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Lucifer, Satan, Iblīs – these are but some of the many names used to describe the arch-demonic enemy of mankind.
A diabolical Devil-figure appears in history all across the globe. Whether such a monstrously evil being exists is up for debate. However, the hellish mark which the Devil has left on the legends and folklores of mankind is indisputable. Many tales describe encounters with the beast – for the worse and for the better. As such, here are five historic encounters with the devil.
5 – Richard Cabell
Richard Cabell lived during the 1600s and was the local Squire of Brook Manor, in Devon England. He was regarded as a monstrously evil man: a figure of darkness who local legend records as having beaten and abused his wife, until one night she escaped, fleeing across the moors with her husband in hot pursuit. It is said that he eventually caught up with the unfortunate woman, murdering her and her faithful dog. The ghost of this loyal canine haunted Cabell for the rest of his life. 1
The reason for the squire’s darkness, it was said, lay in a deal he had made with the devil.
Granted immortality by the Beast, Cabell did as he pleased, creating such an infamous legacy that he would later go on to provide the inspiration for Sir Arthur Conan Doyle’s Hound of the Baskervilles.
However, eternal life was not to be his. Cabell died on the 5th July 1677 – with some saying that he was hunted to death by a pack of phantom hounds, bent on revenge. 2 On the night of his interment into the family tomb, it is said that this same pack of phantom hounds came baying across the moor to howl at his grave. From then on, on the anniversary of his death, the hellish phantom of Richard Cabell could be seen stalking the moors and the area around his final resting place.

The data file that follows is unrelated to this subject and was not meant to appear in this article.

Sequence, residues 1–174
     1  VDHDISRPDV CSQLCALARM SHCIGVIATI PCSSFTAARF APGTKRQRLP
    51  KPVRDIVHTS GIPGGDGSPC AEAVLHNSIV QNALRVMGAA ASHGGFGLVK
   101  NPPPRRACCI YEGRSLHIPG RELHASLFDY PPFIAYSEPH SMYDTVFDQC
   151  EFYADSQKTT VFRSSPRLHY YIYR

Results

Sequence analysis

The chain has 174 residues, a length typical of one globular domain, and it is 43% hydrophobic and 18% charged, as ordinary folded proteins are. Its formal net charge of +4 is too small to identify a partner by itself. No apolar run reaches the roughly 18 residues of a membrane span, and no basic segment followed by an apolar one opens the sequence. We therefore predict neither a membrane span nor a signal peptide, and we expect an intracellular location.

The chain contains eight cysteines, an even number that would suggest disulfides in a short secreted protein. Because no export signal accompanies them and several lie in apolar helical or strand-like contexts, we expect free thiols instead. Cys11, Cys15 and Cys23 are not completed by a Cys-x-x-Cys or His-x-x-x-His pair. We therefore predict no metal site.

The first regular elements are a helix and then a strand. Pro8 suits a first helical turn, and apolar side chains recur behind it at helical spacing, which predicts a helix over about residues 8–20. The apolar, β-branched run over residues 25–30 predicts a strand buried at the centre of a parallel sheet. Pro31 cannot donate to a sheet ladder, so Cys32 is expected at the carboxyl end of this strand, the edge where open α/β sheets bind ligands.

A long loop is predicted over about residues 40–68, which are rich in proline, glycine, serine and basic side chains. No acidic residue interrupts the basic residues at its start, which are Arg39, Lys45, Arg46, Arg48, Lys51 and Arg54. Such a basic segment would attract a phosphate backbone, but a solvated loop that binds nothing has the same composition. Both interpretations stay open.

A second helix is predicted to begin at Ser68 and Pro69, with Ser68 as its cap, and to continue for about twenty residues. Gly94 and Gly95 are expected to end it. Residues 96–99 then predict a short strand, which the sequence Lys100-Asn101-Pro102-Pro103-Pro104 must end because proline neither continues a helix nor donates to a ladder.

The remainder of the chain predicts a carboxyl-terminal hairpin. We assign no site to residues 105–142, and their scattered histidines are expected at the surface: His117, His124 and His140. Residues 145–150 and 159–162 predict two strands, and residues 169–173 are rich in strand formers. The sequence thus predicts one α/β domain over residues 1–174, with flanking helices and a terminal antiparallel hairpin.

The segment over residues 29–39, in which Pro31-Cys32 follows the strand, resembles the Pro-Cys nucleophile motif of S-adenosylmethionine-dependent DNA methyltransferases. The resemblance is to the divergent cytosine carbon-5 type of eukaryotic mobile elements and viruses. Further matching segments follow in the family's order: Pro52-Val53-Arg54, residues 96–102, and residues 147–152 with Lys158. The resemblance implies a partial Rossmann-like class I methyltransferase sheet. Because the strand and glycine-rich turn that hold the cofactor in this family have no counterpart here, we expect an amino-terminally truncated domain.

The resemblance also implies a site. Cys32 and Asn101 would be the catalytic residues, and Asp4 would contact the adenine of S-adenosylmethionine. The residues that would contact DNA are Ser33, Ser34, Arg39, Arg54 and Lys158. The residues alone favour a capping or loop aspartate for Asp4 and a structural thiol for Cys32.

Terrified of the dark figure and his diabolical connection, local people built iron bars around the squire’s tomb and placed a huge slab of stone on top of the grave. However, even after taking such precautions, some still report a strange red glow emanating through the iron bars. Some even claim that, on certain nights, a whole host of demonic creatures gather at his grave, trying to retrieved the promised soul of for their master… 3
4 – St. Dunstan
In the tenth century, the religious fate of England was safeguarded by Dunstan, a pious and charitable clergyman who held many important ecclesiastic positions throughout his life. By the time of his death in 988, Dunstan had served as the Archbishop of Canterbury and had reformed monastic life in England, as well as being a skilled artist, harpist and metalsmith. Not only that, it was said that Dunstan had protected England from the Devil himself.
According to legend, Dunstan encountered the devil numerous times. The most famous of these encounters occurred whilst he was living as a hermit in a cell at Glastonbury. A talented metalsmith as he was, Dunstan occasionally accepted commissions. One such commission came from an old man, who appeared at his window asking if Dunstan would make a chalice for him. Agreeing, Dunstan began working on the piece. However, when he looked up from his work, he noticed that his visitor had changed: one moment he was the old man, the next a young boy, then a woman.
It was then that Dunstan realised his visitor was the devil.